• 57. Why Organizations Need Us
    • A successful architecture forms the platform for strategic advantage
      • Lack of architecture bonds the organization inescapably to its past
  • 58. Why Organizations Need Us
    • A successful architecture forms the platform for strategic advantage
      • Lack of architecture bonds the organization inescapably to its past
      • Legacy systems are expensive and hard to change
  • 59. Why Organizations Need Us
    • A successful architecture forms the platform for strategic advantage
      • Lack of architecture bonds the organization inescapably to its past
      • Legacy systems are expensive and hard to change
      • But replacing them threatens the very "life" of the organization
  • 60. Why Organizations Need Us
    • Symptoms of architectural decay
  • 61. Why Organizations Need Us
    • Symptoms of architectural decay
      • Brittle monolithic systems
  • 62. Why Organizations Need Us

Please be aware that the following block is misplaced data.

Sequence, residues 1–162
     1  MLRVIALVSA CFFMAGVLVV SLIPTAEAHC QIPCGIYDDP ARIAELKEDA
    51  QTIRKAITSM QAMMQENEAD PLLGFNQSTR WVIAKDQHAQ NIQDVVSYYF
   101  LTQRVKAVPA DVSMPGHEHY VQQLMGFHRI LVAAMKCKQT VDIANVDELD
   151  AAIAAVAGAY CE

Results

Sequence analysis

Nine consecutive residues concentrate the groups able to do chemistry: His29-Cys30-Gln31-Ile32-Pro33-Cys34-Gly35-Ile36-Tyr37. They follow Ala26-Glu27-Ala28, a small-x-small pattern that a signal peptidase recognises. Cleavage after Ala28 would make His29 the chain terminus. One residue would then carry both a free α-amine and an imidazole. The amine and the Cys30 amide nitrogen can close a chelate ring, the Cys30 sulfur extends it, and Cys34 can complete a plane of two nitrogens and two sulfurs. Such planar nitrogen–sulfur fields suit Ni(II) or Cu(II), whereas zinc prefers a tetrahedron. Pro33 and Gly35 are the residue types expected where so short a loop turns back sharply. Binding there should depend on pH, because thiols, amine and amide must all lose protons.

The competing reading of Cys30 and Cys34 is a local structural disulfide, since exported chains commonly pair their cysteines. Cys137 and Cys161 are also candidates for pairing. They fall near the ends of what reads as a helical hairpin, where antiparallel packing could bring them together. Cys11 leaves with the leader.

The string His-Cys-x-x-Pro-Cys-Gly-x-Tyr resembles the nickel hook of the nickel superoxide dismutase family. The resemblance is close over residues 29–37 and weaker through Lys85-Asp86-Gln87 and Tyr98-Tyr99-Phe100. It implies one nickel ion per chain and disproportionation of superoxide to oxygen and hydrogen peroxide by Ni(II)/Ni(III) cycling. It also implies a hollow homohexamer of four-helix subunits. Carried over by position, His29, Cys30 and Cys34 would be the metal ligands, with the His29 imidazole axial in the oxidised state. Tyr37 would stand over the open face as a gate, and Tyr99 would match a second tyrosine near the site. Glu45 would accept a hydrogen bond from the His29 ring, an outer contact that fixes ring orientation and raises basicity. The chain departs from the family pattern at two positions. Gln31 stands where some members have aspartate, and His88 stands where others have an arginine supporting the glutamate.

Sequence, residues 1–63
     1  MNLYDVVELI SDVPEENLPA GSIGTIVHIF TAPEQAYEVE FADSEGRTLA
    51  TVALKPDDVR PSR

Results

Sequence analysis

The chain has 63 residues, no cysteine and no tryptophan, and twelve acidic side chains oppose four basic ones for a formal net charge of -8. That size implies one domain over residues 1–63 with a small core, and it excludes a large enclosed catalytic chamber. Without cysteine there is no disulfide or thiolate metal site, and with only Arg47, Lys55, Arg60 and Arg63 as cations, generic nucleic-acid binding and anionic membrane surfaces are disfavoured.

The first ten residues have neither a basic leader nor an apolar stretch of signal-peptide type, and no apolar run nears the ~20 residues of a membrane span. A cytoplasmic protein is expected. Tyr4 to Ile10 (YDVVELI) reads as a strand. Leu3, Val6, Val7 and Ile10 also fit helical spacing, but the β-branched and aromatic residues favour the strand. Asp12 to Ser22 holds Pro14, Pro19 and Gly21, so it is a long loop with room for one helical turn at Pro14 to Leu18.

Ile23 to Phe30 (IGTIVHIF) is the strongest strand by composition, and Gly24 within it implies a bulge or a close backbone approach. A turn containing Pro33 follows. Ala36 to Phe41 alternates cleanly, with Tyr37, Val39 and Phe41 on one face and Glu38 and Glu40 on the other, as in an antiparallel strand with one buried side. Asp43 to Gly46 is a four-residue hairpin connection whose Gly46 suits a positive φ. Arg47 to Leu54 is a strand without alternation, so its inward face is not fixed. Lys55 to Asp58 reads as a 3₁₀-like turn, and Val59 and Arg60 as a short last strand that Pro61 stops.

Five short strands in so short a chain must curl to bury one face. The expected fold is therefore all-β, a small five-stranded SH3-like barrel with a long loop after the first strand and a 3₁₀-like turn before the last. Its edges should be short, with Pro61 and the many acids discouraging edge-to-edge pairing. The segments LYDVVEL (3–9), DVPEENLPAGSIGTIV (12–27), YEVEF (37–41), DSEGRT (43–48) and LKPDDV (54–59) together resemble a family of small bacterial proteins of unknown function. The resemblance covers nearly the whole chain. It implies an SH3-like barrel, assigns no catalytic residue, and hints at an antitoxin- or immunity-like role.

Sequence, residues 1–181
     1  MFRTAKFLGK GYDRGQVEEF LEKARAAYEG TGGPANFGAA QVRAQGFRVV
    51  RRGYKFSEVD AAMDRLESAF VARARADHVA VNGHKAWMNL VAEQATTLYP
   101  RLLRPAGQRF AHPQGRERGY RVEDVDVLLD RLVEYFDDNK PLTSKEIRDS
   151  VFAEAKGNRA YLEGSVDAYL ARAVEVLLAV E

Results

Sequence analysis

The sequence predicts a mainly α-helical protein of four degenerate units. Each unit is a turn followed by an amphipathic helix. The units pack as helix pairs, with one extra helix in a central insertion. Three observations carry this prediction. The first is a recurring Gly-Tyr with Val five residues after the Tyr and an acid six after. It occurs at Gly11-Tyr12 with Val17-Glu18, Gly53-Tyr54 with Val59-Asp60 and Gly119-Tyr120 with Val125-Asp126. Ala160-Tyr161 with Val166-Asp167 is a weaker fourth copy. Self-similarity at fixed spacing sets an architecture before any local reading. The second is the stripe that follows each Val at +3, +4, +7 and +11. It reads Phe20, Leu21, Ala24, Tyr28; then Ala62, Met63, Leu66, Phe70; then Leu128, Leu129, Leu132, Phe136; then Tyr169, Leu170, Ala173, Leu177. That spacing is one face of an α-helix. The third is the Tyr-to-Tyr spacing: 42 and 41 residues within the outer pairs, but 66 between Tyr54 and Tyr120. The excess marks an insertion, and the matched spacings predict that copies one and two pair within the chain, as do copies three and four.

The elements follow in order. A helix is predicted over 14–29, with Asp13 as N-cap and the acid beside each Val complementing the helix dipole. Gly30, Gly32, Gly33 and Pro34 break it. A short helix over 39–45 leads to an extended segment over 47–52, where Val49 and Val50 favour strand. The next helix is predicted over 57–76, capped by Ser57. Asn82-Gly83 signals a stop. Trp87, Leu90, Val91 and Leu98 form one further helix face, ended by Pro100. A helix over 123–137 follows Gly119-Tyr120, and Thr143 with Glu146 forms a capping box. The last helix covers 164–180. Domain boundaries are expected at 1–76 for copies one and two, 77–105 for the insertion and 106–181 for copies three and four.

• Symptoms of architectural decay
      • Brittle monolithic systems
      • Silo applications
  • 63. Why Organizations Need Us
    • Symptoms of architectural decay
      • Brittle monolithic systems
      • Silo applications
      • Long and unpredictable development times
  • 64. Why Organizations Need Us
    • We need architecture to
  • 65. Why Organizations Need Us
    • We need architecture to
      • Break the chains of our corporate legacy
  • 66. Why Organizations Need Us
    • We need architecture to
      • Break the chains of our corporate legacy
      • Build systems that fit the environment
  • 67. Why Organizations Need Us
    • We need architecture to
      • Break the chains of our corporate legacy
      • Build systems that fit the environment
      • Adapt with the environment as it changes
  • 68. Why Organizations Need Us
    • Whether we seek to lead through innovation, customer intimacy or operational excellence, Architecture is the essential foundation for
  • 69. Why Organizations Need Us
    • Whether we seek to lead through innovation, customer intimacy or operational excellence, Architecture is the essential foundation for
      • Agility
  • 70. Why Organizations Need Us